flag of uk

Scotland comprises 30% of the UK’s land area, but only has 8% of its population. The country is divided into two regions – the southern Lowlands (which have most of the population and the large cities of Edinburgh and Glasgow), and the northern Highlands (which are one of the most sparsely populated regions in Europe). In 1997, the Scots passed a referendum to have more autonomy within the UK, which resulted in the creation of the Scottish Parliament. Scotland will therefore sometimes pass legislation that does not affect the rest of the UK. For example, during the covid pandemic, Scotland had different quarantine and curfew rules. Nonetheless, the UK Parliament has the authority to block Scottish legislation, which it used to prevent Scotland from making it easier for transgender people to get their new gender legally recognized.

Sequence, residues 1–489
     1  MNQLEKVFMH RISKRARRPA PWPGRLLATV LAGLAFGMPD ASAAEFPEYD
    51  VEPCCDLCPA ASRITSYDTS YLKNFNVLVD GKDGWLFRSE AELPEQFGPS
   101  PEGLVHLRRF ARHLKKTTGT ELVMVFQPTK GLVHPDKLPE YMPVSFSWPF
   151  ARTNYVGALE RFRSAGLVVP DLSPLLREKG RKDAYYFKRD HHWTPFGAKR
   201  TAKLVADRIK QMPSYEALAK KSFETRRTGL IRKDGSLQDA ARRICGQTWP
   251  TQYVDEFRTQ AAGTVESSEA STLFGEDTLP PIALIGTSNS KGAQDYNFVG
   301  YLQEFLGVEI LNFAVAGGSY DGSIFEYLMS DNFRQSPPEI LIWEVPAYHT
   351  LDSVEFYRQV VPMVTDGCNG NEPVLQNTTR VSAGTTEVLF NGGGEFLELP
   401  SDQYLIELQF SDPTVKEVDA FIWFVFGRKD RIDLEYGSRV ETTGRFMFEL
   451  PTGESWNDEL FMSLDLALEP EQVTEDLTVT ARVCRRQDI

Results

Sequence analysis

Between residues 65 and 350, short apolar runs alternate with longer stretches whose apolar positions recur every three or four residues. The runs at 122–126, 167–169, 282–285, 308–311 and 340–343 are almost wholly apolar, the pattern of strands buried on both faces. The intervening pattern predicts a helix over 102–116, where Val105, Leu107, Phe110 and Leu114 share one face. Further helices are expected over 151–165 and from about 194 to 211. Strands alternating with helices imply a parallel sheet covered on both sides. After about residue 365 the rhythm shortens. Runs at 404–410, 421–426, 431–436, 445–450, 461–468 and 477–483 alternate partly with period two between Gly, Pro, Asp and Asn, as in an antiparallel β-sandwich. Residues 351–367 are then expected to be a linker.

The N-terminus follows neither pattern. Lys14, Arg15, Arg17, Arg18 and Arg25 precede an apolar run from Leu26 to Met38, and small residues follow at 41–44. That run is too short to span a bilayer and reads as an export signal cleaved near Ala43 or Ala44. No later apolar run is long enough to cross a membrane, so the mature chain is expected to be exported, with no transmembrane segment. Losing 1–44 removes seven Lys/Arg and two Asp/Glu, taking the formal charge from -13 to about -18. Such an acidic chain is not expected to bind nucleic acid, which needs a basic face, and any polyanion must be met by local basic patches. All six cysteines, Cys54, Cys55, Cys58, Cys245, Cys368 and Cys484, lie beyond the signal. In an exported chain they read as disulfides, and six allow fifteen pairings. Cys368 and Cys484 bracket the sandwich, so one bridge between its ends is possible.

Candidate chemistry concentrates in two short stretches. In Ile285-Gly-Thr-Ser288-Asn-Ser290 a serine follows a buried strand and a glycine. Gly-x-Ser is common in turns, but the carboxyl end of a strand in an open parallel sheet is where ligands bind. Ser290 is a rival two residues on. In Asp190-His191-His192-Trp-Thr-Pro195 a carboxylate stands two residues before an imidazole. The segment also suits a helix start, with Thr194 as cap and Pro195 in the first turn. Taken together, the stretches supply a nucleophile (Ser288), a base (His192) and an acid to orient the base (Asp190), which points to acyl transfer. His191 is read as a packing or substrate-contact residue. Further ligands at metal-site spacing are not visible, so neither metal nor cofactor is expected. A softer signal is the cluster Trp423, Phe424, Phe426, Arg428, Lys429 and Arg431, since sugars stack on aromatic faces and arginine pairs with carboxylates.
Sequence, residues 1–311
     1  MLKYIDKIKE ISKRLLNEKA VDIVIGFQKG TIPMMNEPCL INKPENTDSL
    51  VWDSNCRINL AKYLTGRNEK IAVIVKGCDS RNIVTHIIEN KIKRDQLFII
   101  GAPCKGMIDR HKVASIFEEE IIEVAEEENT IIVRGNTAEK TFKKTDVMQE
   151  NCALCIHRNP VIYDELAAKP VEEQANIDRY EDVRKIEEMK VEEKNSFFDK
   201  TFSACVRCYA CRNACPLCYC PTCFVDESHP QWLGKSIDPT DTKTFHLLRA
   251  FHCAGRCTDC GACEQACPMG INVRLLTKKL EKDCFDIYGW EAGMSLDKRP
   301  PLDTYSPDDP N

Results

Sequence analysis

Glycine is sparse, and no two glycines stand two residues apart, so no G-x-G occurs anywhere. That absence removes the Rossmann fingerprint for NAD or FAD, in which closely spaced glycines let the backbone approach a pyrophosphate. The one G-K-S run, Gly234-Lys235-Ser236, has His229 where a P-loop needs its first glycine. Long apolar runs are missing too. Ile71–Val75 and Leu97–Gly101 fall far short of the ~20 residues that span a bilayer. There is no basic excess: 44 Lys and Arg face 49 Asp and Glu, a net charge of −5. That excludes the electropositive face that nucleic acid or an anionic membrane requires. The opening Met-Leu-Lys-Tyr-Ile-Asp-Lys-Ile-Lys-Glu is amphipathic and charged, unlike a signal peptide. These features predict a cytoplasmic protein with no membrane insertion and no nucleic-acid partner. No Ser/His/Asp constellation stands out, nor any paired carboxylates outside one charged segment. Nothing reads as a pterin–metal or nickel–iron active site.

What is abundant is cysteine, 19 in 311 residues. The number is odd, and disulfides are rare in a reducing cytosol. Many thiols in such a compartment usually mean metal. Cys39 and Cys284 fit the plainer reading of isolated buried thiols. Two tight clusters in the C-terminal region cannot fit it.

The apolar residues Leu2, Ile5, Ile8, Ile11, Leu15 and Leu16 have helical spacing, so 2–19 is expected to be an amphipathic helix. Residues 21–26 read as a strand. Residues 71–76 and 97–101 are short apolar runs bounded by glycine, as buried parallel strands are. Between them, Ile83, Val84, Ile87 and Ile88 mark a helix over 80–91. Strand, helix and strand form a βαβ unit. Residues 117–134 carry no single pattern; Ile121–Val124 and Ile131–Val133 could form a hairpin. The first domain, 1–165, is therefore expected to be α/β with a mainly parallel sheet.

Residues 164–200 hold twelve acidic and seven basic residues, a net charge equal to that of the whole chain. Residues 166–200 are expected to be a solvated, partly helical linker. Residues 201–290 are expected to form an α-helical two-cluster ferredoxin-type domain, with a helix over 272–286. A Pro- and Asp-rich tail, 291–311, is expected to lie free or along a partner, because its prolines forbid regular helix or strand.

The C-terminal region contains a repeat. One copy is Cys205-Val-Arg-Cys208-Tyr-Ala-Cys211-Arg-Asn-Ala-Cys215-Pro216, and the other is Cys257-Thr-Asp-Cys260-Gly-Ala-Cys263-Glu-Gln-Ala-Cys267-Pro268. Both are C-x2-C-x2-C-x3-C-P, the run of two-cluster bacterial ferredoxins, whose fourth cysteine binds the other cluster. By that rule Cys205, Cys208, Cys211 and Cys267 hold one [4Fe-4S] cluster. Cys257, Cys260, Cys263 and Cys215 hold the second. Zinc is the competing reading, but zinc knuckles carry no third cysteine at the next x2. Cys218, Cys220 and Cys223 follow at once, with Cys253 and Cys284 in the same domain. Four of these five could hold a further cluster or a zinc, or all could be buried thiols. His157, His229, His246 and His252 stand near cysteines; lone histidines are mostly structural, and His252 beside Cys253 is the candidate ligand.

Edinburgh Castle

This symbol of Scotland was built in the 12th century. I was impressed by its superb defensive position atop a massive rock which one can only approach from a narrow entrance on the Eastern side, replete with your standard medieval fortifications (moats, arrow slits, ear-shattering bagpipers, etc). The castle has a prison barracks, a massive 6-ton cannon called Mons Meg, and St Margaret’s Chapel, which is one of the only buildings that has survived since the castle’s construction. Contrary to its original purpose of keeping foreigners out, the castle now is a well-maintained landmark intended to draw tourists in, and features Scotland’s National War Museum.